Editor’s note: The following rant is not for the eyes of children. You have been warned.
What does the Easter Bunny, the Tooth Fairy and high-stakes testing in Connecticut all have in common?
Stumped? Well, I hate to break it to you, but none of those things exist.
Have I destroyed your childhood yet? Good. This has to be said.
The term “high-stakes testing” is a farce. It’s a red-herring. A unicorn. Bigfoot. The Lockness Monster. It’s the boogeyman that comes around every year to strike fear into the hearts of unsuspecting parents and teachers alike — and, like all those things, it’s nonsense!
In Connecticut, no teacher has ever been fired, hired, promoted, demoted or rewarded because of a single test. No student has ever been denied graduation or forced to repeat a grade because of low scores. No district has ever lost money because students had done poorly on tests. In fact, there are no state-level consequences linked to student achievement data from assessments. Yet, the term “high-stakes testing” is repeated ad nauseam by state teacher’s unions.
As far as I can see, the term “high-stakes testing” is smoke and mirrors.
As Superior Judge Thomas G. Moukawsher aptly pointed out in his groundbreaking CCJEF v. Rell decision, our current educator evaluation system is “uselessly perfect.” In Connecticut, more than 98 percent of teachers were deemed “proficient or exemplary” last year, and yet a third of the state’s low-income students are below grade level in reading.
The Connecticut Education Association spent hundreds of thousands of dollars on an ad campaign and lobbying last year promoting its favorite talking point, but there still hasn’t been an explanation as to what the supposed “stakes” are.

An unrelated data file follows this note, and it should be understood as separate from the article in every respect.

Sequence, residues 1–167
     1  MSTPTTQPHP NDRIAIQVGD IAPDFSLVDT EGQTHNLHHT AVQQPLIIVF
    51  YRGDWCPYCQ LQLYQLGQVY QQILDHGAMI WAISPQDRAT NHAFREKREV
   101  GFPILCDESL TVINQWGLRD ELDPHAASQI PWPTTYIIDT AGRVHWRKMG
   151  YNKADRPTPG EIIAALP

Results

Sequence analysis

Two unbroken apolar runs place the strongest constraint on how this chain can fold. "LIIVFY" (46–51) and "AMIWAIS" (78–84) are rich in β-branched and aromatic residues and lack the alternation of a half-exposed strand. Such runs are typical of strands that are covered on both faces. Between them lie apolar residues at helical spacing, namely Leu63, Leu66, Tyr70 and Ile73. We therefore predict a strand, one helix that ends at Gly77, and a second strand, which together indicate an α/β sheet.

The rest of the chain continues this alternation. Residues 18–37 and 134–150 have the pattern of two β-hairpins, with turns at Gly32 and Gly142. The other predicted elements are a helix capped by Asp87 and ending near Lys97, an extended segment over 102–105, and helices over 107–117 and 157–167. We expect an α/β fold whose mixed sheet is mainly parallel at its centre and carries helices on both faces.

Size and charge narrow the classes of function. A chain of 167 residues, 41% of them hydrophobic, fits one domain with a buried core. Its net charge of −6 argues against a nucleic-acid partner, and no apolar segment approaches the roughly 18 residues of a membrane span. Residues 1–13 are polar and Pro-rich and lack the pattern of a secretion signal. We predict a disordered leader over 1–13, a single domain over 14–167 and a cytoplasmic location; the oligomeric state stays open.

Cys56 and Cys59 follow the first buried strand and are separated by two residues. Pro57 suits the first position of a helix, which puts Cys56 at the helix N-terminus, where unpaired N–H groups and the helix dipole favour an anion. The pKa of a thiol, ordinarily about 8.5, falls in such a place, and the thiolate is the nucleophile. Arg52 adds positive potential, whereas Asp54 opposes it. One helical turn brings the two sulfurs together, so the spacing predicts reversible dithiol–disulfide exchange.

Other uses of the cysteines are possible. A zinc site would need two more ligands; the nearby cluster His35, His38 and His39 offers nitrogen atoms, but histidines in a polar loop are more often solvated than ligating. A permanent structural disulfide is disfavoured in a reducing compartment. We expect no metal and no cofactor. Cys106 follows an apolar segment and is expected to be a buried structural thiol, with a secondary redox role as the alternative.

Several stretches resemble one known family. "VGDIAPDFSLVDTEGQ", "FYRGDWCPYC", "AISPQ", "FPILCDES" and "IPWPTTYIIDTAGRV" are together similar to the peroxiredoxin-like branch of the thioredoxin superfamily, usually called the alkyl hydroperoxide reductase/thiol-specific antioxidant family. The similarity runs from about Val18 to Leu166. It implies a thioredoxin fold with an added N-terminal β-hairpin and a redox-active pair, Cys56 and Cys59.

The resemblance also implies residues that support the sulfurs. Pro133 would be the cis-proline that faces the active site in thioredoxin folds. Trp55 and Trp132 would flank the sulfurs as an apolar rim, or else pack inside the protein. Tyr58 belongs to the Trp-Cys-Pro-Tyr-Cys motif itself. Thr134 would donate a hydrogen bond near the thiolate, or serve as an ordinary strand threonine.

That’s because they don’t exist!
Certainly not for the adults in the room who have thus far been sheltered from consequences by the union’s rhetoric. Even worse, while “high-stakes” don’t exist for schools that fail to educate students, in the bizarro-world that is Connecticut’s education landscape, success on state assessments has the opposite effect.
Look at what has happened in New Haven — a school system that gained national recognition for reform efforts, including a teacher evaluation system linked to student performance. New Haven was an example of what can be accomplished when unions and reform advocates work toward a common goal.
That might be at an end because of politics. (Sound familiar Bridgeport?)
On Monday, Superintendent Garth Harries resigned early, with nearly two years left on his contract. He is being pushed out by a hostile school board, despite the fact that under his leadership New Haven Public Schools has seen a 5 percent gain on annual assessments, an increasing graduation rate, and decreased chronic absenteeism.
New Haven is one of the poorest districts in the country, yet the district’s gains on state assessments actually outpaced the state as a whole. That’s impressive considering the barriers students have to overcome. Of course, none of this mattered to the people leading the push against Harries.
In the face of progress, they want New Haven to go backward.
The truth is, the students most in need are bearing the brunt of an entire education system that not only doesn’t care if they’re actually being educated, but as recent events show, punish those who try to make their learning a priority.
I guess, when it comes to making sure that students in the state’s poor, urban districts are being educated, the union tells us, to trust them, “The check’s in the mail.”
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